9 Scenes That Convinced Us Rian Johnson Is Perfect For 'Star Wars'

Basically the entirety of 'Ozymandias.'

Rian Johnson is directing "Star Wars: Episode VIII," and this is very good news.

Not convinced? Maybe you should consider that Johnson directed three very good movies and three of "Breaking Bad's" finest episodes, including "Ozymandias," which creator Vince Gilligan said was probably their best ever.

You still don't believe me? Well, here's a video crash course on the great work Johnson has done over the course of his career.

"Brick," Johnson's high school-set noir, got credit for being a clever twist on the genre thanks to the stylized dialogue that made Joseph Gordon-Levitt talk more like Humphrey Bogart than any teen we know, but it's also impeccably made.

In the scene above, Johnson uses camera movement to enhance everything that's going on in front of it.

Below, listen to how Johnson uses sound in this chase scene, especially during its final moments.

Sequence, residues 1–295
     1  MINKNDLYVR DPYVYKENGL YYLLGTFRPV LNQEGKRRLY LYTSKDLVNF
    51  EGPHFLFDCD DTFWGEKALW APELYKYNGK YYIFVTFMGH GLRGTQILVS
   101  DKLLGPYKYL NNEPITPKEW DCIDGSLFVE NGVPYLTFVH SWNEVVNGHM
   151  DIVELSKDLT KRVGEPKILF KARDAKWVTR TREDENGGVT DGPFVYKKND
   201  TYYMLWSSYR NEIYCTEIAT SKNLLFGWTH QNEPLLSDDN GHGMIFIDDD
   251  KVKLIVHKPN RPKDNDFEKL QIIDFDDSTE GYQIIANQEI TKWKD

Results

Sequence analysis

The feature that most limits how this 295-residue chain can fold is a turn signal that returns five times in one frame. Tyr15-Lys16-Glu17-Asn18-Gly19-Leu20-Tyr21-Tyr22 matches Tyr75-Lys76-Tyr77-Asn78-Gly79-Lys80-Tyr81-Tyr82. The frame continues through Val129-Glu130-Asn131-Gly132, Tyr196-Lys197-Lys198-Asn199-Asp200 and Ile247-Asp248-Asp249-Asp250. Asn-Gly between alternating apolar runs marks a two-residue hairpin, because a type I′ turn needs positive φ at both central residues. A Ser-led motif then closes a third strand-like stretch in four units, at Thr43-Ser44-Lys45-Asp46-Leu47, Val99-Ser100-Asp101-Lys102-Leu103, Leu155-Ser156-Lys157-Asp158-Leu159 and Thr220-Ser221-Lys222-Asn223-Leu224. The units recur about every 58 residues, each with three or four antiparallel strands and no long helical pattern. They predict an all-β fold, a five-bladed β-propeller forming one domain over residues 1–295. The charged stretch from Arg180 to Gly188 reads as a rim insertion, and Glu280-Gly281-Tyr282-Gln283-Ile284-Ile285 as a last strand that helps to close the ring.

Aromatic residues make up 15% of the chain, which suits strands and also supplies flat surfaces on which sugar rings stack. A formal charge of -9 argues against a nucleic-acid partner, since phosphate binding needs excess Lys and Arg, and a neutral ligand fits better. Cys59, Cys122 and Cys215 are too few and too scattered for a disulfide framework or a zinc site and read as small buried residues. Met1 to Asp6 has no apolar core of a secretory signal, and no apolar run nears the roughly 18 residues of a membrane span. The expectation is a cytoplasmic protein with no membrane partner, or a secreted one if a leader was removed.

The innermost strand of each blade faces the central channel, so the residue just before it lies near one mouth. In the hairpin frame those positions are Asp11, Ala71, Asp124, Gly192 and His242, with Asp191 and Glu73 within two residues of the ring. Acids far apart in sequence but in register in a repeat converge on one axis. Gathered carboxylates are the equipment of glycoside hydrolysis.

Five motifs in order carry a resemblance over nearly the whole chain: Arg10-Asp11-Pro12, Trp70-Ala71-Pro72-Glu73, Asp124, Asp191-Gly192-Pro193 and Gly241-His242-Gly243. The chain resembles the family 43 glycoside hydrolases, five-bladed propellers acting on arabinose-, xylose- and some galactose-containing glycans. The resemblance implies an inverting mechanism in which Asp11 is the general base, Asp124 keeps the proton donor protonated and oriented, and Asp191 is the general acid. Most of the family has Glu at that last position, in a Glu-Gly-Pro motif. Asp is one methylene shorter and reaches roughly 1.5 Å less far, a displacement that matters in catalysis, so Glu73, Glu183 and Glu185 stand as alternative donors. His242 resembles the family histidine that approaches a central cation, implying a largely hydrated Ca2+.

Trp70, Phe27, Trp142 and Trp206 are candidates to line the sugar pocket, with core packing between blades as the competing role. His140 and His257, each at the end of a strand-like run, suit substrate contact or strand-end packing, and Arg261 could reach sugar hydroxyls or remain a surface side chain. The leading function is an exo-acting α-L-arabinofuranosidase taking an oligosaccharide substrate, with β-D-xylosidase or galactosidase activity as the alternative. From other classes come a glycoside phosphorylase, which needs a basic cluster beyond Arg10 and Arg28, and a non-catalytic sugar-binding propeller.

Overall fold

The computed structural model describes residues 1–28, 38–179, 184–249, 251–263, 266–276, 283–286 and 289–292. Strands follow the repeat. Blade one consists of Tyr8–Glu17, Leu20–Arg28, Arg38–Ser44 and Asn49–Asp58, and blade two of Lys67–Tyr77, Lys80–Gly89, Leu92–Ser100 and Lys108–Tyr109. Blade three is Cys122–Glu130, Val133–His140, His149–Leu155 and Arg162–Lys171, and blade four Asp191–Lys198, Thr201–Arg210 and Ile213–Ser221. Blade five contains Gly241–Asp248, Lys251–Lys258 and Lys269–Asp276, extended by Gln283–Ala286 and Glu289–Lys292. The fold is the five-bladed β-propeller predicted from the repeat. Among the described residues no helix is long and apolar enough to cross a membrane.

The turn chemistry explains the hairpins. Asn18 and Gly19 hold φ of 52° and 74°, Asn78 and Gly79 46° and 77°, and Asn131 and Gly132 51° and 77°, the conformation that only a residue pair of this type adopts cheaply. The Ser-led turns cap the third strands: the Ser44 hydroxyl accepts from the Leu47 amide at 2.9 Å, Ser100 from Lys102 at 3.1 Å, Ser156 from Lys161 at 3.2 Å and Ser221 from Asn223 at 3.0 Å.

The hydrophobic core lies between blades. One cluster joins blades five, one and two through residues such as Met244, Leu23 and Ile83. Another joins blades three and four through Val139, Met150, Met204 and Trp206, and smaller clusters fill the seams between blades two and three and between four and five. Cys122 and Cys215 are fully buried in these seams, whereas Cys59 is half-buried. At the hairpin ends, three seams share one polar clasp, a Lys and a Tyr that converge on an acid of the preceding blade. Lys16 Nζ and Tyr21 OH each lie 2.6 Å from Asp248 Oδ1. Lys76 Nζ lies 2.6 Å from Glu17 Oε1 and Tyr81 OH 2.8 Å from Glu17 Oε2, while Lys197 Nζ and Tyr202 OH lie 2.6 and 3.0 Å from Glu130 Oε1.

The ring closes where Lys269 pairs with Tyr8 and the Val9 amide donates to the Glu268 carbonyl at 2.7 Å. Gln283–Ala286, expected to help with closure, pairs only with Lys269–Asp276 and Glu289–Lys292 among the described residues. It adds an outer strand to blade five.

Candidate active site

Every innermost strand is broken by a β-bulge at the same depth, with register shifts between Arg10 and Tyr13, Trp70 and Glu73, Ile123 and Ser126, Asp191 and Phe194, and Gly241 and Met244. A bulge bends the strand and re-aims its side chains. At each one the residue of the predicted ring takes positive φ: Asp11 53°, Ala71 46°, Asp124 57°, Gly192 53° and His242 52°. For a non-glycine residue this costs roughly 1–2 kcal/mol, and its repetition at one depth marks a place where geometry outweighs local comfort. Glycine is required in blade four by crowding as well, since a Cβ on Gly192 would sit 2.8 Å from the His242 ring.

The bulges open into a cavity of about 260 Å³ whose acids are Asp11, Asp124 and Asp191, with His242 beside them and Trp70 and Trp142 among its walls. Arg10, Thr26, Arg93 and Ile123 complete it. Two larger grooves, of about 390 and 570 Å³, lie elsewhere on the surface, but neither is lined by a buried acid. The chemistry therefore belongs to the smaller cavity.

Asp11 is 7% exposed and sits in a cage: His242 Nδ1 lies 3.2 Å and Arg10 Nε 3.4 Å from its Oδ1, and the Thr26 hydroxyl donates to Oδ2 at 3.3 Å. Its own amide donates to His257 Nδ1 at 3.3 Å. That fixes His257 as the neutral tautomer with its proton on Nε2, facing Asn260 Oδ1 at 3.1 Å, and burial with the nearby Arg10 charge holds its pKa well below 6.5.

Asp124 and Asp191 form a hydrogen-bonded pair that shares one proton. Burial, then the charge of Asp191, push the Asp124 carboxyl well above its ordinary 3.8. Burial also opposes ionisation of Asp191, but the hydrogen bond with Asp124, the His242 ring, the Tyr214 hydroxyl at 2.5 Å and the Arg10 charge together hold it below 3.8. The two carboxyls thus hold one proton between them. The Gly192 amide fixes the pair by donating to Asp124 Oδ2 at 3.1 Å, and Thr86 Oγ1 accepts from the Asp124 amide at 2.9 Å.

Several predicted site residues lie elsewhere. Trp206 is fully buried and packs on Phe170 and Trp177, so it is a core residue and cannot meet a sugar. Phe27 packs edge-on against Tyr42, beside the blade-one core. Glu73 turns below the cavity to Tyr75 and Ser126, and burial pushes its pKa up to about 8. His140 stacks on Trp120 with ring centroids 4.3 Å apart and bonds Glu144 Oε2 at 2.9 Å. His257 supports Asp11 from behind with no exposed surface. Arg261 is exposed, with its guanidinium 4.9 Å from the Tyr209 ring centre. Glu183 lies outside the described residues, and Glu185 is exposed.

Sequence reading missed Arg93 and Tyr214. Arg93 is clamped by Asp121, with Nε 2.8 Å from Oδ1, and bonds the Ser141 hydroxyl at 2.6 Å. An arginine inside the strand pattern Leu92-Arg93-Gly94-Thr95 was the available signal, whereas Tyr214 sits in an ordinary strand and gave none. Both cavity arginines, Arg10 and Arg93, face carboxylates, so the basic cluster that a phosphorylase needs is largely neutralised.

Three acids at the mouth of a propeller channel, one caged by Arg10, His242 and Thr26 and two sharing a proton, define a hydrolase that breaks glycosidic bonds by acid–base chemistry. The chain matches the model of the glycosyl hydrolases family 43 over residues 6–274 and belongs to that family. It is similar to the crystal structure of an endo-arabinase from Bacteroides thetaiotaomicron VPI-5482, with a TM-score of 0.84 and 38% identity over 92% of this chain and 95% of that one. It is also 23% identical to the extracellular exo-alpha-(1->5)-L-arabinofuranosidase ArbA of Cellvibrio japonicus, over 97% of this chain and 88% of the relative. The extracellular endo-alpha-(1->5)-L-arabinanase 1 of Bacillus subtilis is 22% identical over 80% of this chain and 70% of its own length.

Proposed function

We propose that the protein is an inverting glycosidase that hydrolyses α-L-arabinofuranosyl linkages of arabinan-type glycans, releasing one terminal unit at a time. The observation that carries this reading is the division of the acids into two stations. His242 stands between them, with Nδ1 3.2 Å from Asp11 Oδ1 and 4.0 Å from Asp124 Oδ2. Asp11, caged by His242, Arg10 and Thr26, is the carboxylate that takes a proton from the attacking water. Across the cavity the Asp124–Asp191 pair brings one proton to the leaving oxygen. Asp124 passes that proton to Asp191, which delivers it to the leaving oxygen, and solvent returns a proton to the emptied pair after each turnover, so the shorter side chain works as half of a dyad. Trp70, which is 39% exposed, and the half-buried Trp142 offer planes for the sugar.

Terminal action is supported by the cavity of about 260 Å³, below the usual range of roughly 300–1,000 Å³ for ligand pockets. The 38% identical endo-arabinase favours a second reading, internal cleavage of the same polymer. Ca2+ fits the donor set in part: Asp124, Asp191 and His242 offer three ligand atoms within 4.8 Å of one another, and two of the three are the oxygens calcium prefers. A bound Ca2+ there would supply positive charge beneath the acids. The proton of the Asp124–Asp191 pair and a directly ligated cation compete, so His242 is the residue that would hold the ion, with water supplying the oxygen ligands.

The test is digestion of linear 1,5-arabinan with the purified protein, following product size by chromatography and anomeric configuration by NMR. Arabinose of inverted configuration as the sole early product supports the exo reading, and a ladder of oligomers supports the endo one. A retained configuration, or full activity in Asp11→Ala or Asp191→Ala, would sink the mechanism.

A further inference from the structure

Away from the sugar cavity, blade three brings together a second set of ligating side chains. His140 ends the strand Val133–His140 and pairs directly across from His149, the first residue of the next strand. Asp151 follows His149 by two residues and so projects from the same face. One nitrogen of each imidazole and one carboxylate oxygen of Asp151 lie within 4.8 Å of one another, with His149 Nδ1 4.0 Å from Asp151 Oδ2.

The opening sequence of "Brothers Bloom" mostly speaks for itself as an excellent use of narration, attention to detail and tone.

The first scene of this compilation is a single-take card trick that's impressive for reasons beyond Rachel Weisz slight of hand. Notice the placement of the mirror.

For the "Looper" flash forward, Johnson forgoes the "25 Years Later" jump and instead uses a tight and effective montage to explain how JGL Joe became Bruce Willis Joe.

I'd only watch the video below if you've already seen "Looper." If you have, enjoy revisiting this classic.

Onto Johnson's "Breaking Bad" work. He began his three-episode run with the brilliant bottle episode "Fly." Since this is a TV series, Johnson is conforming to the show's style, but each sequence is expertly handled.

The conclusion of "Fifty-One" was simply one of the best scenes that Bryan Cranston and Anna Gunn shared, and that's saying something.

Two of the highlights of "Ozymandias" were some of the most gut-wrenching scenes of the series. The below tribute to the episode includes clips of Walt's fight with his family and his emotional phone call, but they need to be watched in their original format to get the full effect.

If some of Johnson's best work on TV and film hasn't convinced you that he is the right man for "Star Wars: Episode VIII," maybe this video of him singing Weird Al's "Yoda" will.

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